It’s about this point where Zellaby realizes that the children are irredeemably evil. Up till now, he’s been able to ignore this obvious fact, presumably because he hasn’t actually seen them do anything with his own two eyes. (Though there have been a suspicious number of deaths in the village, including children, and his own wife was compelled to stick her arm into boiling hot water, but whatever. That could all just be coincidence, right?) But at this point it’s too late for military interference. The kids are far too powerful. They must be taken completely by surprise.

This doesn’t stop the drunken mob from marching over to try and burn the kids alive. The kids sense this coming and force the leader to set himself on fire instead. Bernard—previously awesome, intelligent Bernard—charges in to lecture the children by himself and is made an example of. That is to say, the kids temporarily force him into catatonia. He eventually recovers, though, not that he really deserves to. Still, the message has been delivered: “You have to be taught to leave us alone.”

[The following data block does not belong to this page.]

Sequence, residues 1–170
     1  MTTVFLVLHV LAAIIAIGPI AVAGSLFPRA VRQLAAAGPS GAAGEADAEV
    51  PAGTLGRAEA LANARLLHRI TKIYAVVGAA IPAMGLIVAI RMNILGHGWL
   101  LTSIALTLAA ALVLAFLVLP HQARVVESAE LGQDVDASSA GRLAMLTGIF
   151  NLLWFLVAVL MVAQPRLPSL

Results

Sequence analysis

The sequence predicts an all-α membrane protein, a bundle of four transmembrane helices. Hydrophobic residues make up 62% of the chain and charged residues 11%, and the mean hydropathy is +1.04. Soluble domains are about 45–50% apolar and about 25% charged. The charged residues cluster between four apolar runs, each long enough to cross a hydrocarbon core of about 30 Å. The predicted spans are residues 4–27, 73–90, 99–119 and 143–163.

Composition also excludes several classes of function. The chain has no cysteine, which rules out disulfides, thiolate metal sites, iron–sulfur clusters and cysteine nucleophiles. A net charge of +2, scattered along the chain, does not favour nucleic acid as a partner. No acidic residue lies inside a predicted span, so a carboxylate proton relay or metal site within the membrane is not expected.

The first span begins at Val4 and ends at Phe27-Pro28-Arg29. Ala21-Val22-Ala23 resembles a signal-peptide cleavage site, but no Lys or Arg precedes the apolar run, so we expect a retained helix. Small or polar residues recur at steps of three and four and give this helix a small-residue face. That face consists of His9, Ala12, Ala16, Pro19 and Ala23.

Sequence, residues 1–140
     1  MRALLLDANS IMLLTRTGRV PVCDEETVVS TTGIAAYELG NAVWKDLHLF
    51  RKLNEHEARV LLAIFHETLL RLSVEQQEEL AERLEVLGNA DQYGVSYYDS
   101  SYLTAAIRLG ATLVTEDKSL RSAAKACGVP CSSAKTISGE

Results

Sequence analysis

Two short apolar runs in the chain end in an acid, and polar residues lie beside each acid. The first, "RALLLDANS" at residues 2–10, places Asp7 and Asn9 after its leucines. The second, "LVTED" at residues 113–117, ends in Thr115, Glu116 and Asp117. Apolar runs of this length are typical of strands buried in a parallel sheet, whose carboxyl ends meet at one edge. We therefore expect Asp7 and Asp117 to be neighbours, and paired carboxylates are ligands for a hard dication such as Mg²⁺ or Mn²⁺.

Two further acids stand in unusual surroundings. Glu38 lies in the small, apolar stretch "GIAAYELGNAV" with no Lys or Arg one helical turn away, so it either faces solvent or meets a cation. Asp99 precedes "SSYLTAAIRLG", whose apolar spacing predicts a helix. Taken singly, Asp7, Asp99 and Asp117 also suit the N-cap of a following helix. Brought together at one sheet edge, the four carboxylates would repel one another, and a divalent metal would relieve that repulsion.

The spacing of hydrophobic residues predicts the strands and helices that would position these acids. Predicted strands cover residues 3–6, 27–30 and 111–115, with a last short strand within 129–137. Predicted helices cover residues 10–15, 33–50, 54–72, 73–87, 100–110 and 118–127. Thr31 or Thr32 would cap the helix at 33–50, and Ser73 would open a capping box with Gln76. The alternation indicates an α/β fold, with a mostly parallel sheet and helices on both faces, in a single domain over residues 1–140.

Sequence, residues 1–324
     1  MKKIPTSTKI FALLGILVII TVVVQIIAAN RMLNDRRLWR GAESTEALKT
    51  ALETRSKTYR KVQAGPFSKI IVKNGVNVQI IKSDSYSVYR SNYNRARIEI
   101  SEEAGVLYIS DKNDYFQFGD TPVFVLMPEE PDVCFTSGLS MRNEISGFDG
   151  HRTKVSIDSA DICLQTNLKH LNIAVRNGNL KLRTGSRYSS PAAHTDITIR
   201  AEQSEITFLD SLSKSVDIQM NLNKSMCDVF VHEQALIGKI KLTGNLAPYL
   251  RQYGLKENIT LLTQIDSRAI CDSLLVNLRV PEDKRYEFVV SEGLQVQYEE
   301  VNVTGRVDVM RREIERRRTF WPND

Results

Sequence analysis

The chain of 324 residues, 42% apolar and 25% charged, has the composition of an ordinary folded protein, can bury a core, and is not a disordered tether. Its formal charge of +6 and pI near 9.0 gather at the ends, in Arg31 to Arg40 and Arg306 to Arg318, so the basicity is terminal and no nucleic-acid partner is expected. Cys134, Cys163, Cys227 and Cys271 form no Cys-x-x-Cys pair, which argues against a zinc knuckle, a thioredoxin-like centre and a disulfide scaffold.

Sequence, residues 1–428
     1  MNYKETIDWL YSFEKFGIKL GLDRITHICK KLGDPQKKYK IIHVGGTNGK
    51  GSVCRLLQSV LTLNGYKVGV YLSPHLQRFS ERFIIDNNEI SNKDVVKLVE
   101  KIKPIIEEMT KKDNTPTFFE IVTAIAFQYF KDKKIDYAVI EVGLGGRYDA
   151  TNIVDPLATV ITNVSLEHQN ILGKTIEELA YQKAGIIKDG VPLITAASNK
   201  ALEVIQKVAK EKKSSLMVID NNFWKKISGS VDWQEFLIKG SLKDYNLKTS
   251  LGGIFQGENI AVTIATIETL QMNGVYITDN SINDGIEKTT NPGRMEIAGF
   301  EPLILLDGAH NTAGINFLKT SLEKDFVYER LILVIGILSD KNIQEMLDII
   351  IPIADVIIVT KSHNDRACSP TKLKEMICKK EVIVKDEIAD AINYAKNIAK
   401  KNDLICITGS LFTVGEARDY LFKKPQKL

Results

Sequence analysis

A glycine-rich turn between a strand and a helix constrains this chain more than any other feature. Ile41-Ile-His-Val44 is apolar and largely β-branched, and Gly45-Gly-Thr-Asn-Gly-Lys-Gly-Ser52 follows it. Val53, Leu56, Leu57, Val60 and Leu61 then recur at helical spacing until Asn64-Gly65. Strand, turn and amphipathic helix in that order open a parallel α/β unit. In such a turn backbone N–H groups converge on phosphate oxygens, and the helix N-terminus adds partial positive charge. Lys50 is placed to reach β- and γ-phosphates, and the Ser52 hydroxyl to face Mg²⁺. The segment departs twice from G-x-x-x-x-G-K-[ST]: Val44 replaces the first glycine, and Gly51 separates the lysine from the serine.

Well, Zellaby doesn’t feel this way. He knows he needs to kill the children before they can disappear and start other colonies. This is a very real possibility because we discover that there have been other batches of children like this all over the world, which I thought was an interesting turn in the story. All the other kids have died, though, either due to some natural affliction or to governments bombing the shit out of them. The Midwich kids are the only ones left.